Trent Film Society will be making its foray into the Western genre with John Ford’s Stagecoach (1939) on January 22 and Akira Kurosawa’s Yojimbo (1961) on January 29 (each showing at 8PM). It is perhaps accurate to state that of the two films, Stagecoach more obviously fits the bill as a Western—after all, it is arguably the archetype for the entire genre— but the Samurai film Yojimbo and its Japanese director Kurosawa are both incredibly important to any consideration of the role this quintessentially American film genre has played in other nations around the world.

Many critics and academics have noted that, compared to other revered Japanese auteurs such as Yasujiro Ozu or Kenji Mizoguchi, Kurosawa’s directorial style was very much influenced by American filmmaking. Indeed, Kurosawa himself acknowledged John Ford as having a foundational impact upon his own work, referring to him figuratively in interviews as his ‘father’. The Western stylistic and thematic elements of Kurosawa’s Samurai films make it understandable that Seven Samurai (1954), perhaps his greatest film, was later directly remade into an American western, The Magnificent Seven (1960). However, the extent to which Kurosawa’s work interweaves with the Western genre is hardly limited to that single example.

Many Trent cinephiles may have already seen Quentin Tarantino’s latest film, Django Unchained (2012). Tarantino has been openly candid about the significance of the Italian Spaghetti Western genre, not only to Django (which he cheekily dubs a “Southern”), but also to previous of his films, particularly Kill Bill (2003-04) and Inglourious Basterds (2009). The most celebrated director of Spaghetti Westerns was Sergio Leone, and the first film of his famous “Dollars” trilogy was A Fistful of Dollars (1964), which, to bring us back to Kurosawa, was a direct remake of Yojimbo. The title character of Kurosawa’s film, played by the great Toshiro Mifune, was the basis of the now legendary ‘Man with No Name’ from Leone’s series, who was portrayed by Clint Eastwood, the most iconic Western figure of the past 50 years.

Of course, the greatest Western icon of the cinema’s first 50 years was John Wayne, and Stagecoach is the film that made him that icon. Before this film Wayne had no place in the acting firmament and had worked predominantly in little seen B-Westerns. However, John Ford, who would go down as arguably the greatest auteur of the American Western, decided that he would make Wayne into a star. Viewers should bear this fact in mind when they witness the manner in which Ford first introduces Wayne’s character in Stagecoach. I will not spoil it here, but it is my single favourite shot in a film filled with extraordinary ones.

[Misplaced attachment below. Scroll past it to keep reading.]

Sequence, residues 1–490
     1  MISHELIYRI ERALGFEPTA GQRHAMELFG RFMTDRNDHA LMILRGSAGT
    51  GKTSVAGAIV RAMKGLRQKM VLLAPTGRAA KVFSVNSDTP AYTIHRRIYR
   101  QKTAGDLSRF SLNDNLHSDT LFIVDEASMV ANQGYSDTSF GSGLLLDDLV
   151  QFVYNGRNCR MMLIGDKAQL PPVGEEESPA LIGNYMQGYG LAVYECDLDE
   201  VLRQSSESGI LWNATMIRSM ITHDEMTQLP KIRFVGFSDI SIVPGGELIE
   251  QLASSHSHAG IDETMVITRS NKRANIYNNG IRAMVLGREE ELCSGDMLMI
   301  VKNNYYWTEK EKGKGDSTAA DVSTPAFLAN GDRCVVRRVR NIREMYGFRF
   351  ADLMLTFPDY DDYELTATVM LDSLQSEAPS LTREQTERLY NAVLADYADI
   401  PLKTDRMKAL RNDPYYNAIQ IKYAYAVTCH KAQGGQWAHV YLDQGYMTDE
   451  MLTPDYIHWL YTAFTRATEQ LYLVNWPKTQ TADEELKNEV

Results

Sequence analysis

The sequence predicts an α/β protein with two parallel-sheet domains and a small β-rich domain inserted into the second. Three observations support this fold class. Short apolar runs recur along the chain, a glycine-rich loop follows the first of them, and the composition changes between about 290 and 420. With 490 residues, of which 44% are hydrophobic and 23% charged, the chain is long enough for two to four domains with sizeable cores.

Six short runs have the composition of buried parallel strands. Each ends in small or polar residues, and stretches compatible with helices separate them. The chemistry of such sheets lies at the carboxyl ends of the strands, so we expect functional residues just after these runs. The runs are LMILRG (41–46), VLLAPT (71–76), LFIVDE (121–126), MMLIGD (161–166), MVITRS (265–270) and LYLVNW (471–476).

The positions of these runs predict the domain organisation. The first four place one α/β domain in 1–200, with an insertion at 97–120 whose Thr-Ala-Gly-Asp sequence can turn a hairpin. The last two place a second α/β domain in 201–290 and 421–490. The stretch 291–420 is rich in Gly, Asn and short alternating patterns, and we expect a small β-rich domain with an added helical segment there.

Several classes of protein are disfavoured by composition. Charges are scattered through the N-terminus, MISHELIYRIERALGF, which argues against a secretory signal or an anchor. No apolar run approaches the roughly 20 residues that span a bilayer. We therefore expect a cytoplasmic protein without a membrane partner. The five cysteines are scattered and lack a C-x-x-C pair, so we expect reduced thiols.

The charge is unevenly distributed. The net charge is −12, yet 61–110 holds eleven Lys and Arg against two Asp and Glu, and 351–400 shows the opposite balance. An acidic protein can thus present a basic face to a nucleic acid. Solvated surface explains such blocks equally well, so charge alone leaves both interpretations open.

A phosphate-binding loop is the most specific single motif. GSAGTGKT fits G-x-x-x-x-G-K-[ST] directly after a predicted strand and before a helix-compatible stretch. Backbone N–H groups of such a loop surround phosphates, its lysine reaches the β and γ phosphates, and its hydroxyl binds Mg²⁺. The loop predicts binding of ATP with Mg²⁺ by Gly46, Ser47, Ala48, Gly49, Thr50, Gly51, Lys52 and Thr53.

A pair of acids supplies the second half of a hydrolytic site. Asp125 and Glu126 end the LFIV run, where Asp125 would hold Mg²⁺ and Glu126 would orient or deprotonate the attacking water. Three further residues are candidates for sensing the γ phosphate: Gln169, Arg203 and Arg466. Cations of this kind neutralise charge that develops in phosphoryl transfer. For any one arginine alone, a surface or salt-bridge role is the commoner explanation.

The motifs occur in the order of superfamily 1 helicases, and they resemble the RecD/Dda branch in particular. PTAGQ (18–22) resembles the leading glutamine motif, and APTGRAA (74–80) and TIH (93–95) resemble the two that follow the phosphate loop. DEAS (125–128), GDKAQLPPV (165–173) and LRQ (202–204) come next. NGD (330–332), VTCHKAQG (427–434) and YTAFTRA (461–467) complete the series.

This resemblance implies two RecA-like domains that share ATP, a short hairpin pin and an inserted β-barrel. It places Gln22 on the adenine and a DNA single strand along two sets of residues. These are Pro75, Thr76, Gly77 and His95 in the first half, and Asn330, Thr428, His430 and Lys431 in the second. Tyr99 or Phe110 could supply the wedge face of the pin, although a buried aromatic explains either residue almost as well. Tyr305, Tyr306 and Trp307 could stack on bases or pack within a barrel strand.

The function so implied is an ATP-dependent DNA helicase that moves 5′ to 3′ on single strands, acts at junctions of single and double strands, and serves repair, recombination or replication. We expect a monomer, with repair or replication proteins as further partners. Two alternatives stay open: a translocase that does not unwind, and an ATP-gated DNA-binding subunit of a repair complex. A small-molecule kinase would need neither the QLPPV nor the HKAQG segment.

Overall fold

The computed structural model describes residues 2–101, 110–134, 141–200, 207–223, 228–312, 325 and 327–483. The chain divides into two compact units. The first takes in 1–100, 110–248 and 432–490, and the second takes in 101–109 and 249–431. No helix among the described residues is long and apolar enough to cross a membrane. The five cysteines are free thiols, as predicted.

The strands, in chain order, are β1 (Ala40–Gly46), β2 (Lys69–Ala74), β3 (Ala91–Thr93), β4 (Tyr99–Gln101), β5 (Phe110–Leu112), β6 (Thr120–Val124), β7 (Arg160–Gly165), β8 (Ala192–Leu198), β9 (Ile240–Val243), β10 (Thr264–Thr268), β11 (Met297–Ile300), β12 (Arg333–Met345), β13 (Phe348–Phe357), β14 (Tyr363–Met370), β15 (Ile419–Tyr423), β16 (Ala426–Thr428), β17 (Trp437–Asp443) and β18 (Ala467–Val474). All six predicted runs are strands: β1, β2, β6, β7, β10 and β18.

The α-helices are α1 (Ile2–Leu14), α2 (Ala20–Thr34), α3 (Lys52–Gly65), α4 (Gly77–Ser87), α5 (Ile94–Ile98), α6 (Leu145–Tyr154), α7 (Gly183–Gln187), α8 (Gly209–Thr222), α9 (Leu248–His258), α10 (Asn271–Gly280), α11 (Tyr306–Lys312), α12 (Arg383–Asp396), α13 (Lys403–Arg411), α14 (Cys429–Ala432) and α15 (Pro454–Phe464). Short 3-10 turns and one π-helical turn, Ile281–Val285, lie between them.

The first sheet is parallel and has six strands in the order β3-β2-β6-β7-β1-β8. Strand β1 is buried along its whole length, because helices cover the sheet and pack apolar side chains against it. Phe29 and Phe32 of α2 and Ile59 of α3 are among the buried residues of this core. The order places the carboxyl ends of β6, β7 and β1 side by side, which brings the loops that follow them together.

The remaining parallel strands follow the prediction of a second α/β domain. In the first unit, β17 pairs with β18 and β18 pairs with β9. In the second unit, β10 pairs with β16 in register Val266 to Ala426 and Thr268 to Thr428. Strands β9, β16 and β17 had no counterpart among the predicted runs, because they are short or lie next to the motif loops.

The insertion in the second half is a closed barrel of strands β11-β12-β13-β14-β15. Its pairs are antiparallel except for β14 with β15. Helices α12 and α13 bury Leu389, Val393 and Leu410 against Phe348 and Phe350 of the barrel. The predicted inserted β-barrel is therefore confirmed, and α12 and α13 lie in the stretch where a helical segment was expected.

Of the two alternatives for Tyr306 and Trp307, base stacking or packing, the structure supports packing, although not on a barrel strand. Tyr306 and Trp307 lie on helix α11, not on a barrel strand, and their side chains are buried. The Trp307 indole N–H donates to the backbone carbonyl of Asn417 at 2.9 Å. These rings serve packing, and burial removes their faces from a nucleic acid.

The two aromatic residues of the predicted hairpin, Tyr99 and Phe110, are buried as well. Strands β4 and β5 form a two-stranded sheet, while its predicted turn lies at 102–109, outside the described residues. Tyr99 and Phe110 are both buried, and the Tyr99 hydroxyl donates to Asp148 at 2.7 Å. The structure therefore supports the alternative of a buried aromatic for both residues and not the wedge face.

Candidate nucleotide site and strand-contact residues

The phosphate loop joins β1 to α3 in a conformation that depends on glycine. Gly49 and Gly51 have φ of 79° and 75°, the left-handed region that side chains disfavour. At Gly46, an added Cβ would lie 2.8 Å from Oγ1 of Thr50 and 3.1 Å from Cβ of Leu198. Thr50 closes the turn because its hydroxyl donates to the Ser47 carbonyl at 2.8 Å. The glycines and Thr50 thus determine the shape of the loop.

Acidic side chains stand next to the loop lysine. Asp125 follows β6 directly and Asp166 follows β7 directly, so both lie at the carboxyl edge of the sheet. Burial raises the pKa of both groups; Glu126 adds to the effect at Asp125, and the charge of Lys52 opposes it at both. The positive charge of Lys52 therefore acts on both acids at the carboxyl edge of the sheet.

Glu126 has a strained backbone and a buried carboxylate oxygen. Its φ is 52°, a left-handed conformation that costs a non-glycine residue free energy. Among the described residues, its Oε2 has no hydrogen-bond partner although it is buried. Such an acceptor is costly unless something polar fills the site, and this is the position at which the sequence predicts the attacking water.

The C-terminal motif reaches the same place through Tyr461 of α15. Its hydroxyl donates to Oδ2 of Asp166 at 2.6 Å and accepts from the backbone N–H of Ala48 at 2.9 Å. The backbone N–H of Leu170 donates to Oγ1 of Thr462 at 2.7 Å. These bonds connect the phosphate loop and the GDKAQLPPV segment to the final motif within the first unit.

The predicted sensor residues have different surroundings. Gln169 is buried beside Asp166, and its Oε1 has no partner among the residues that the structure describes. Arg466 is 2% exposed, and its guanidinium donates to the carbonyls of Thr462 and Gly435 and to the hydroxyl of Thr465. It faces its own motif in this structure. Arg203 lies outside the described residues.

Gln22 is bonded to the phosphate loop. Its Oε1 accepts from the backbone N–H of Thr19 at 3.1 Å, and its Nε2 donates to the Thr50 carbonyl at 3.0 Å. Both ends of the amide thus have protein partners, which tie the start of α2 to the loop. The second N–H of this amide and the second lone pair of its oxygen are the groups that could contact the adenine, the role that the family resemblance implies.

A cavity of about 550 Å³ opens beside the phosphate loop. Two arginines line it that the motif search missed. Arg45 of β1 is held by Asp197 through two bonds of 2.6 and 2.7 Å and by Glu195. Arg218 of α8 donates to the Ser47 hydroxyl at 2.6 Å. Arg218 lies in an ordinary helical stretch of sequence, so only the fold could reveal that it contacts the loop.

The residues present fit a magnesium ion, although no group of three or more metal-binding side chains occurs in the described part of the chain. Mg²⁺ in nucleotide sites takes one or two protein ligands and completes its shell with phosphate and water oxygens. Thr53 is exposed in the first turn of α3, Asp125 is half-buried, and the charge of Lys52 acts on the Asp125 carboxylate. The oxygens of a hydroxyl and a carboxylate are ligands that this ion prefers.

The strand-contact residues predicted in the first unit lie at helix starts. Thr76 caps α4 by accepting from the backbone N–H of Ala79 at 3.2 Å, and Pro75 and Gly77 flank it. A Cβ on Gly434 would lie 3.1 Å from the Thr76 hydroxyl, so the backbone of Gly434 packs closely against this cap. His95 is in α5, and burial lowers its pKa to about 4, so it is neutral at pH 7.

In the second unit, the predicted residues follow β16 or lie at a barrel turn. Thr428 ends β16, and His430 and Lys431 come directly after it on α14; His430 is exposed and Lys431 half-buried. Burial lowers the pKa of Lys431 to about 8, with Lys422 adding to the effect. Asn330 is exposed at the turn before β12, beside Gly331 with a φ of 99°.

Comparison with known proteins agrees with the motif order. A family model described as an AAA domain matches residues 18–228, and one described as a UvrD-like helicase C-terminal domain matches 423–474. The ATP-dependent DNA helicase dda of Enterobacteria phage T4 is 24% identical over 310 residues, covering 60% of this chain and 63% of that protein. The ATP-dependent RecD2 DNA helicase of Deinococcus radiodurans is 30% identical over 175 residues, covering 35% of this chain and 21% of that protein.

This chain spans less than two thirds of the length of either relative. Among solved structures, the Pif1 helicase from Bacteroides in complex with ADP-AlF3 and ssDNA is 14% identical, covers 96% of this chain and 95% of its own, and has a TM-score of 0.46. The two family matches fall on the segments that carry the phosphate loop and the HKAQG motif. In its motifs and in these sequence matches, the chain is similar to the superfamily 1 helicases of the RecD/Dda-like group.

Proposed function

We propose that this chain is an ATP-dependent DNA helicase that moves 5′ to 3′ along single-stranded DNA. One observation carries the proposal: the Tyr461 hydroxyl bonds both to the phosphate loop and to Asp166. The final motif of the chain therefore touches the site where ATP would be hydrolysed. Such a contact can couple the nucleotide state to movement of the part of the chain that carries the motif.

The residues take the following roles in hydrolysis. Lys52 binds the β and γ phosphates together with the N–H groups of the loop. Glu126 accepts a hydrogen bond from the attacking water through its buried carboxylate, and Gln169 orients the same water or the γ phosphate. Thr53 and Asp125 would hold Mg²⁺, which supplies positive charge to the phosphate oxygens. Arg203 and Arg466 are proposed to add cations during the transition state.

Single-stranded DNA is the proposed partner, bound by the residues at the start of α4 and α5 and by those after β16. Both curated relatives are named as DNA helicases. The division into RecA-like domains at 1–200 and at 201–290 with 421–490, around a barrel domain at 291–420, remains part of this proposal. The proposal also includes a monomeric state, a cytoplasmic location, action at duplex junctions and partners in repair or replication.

The great American filmmaker Orson Welles named Stagecoach as the single biggest influence on his style of filmmaking, particularly with regard to Citizen Kane (1941). He claimed to have watched it 40 times in preparation for making his own film. The most apparent indicator of this influence would seem to be the manner in which both filmmakers framed shots. The particulars of image composition were essential to Ford (as they would be to Welles), and one noteworthy example of commonality between the two was that both filmmakers composed interior shots that included the ceiling, something very few other filmmakers shooting on studio lots attempted. This may seem an insignificant thing to some, but it was a noteworthy technical achievement as including the ceiling carried significant implications for lighting strategies, and again, both filmmakers were noteworthy for the manner in which they implemented lighting.

The Western is the most significant film genre in the history of American cinema, and because of Akira Kurosawa (with an assist from Sergio Leone and other Italian directors) it is one that made an atypically strong impact abroad. It would be impossible to gain an adequate perspective on the genre from any two films, but if limited to two, there are few better choices than Stagecoach and Yojimbo. Offering a taste of the genre at its most iconic, and as it was adopted by other nations, Trent Film Society offers viewers a useful point of entry into a wonderful filmmaking tradition.

Trent Film Society screenings take place at Artspace, 378 Aylmer St. N (between Hunter St. and Simcoe St.)